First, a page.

Secondly, the “re-collection” of data was possible by what we are calling as a process of reflexive analysis in dialogue. Building on earlier accounts of the role of dialogic exchange in practising and knowing management (Beech et al. 2011) an approach is developed where the reflexive analysis is heightened in dialogue with another practitioner (in this case another management scholar, the co-author). Central to the dialogue is asking questions that provoke the subject to account for their subjectivity and use that as a foundation for reflexively realizing the impact of their practical judgements (phronesis). This draws on Freire’s (1973) notion of ‘conscientisation’ (i.e. a critical reading of commonsense reality) in fostering a phronetic approach to practising managing (Antonacopoulou, 2010b). In other words, the possibility of talking and being ‘challenged’ in dialogue with others provides a way of re-living experiences and with a degree of distancing the reflexive dialogue creates, to account for the judgements that underpin the choices made in acting in particular ways. This focus on choices and judgments goes beyond merely justifying action taking. It invites a critical reassessment of one’s engagement in performing their practices guided not so much by cognition or emotion but by the ways in which the senses inform the approach to sense making (Antonacopoulou, 2014). This provides the opportunity to step out of the experience in search of a fresh ‘way of seeing’ (see Berger, 1972). Through a “renewed” reflexivity: no more as the Secretary, but as a professor the reflexive dialogue provokes an appreciation of the subjectivity of practising managing. The verbal dialogue acted as a foundation for the reflexive narrative of the past re-viewed by accounting for critical moments. In this sense, the current use of a reflexive narrative is a way of remembering and honouring a lived past, as suggested in Ellis (2004).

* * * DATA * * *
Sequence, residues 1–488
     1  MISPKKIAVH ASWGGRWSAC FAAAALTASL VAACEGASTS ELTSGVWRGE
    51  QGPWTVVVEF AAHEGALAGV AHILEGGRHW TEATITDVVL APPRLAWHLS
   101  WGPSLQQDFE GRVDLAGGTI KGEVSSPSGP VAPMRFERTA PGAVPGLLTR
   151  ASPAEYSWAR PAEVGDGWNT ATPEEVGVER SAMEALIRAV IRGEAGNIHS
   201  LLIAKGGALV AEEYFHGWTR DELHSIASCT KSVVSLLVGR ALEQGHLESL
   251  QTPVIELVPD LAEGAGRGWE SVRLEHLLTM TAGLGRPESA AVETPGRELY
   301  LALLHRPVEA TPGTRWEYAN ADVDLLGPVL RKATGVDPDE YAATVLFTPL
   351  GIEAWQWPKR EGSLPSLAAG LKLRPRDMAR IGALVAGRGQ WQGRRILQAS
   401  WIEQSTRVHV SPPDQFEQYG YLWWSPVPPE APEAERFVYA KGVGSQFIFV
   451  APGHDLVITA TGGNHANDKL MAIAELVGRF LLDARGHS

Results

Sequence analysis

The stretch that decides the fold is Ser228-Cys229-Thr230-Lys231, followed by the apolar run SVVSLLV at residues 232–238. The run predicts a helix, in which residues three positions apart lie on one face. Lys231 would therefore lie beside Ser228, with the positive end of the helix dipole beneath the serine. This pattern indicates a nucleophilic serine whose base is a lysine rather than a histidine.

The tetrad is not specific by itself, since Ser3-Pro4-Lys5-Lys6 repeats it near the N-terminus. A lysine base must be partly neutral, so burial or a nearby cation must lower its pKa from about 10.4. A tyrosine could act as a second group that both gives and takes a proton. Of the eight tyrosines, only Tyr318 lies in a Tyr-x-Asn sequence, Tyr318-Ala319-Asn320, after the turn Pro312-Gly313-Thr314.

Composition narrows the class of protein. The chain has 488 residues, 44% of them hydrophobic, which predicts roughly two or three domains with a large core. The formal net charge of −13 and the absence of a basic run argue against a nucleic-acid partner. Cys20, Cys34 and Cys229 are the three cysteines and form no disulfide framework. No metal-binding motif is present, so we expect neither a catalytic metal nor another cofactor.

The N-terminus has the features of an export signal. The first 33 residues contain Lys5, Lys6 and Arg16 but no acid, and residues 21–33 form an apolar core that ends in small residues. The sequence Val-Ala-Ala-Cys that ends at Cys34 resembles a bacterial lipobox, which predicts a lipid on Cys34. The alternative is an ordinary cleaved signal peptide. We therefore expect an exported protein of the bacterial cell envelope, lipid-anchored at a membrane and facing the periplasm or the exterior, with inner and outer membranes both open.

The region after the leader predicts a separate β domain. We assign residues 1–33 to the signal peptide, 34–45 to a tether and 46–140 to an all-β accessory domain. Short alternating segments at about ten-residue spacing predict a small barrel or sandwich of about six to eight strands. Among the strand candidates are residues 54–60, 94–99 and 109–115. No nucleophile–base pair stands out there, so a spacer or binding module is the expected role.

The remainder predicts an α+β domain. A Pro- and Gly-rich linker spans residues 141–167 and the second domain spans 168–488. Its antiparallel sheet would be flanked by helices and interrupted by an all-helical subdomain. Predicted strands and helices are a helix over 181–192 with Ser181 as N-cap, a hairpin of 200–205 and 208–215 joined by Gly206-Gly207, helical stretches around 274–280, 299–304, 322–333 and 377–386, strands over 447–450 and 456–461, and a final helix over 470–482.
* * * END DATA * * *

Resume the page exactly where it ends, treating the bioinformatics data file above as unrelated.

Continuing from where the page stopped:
In summary, the contribution of this paper is that it shows the importance of subjectivity as lived experiences are captured through reflexive auto-ethnographic accounts of critical moments that highlight beyond the judgements and choices made in practising managing, why the act of “doing” management is an unpredictable and unknown process.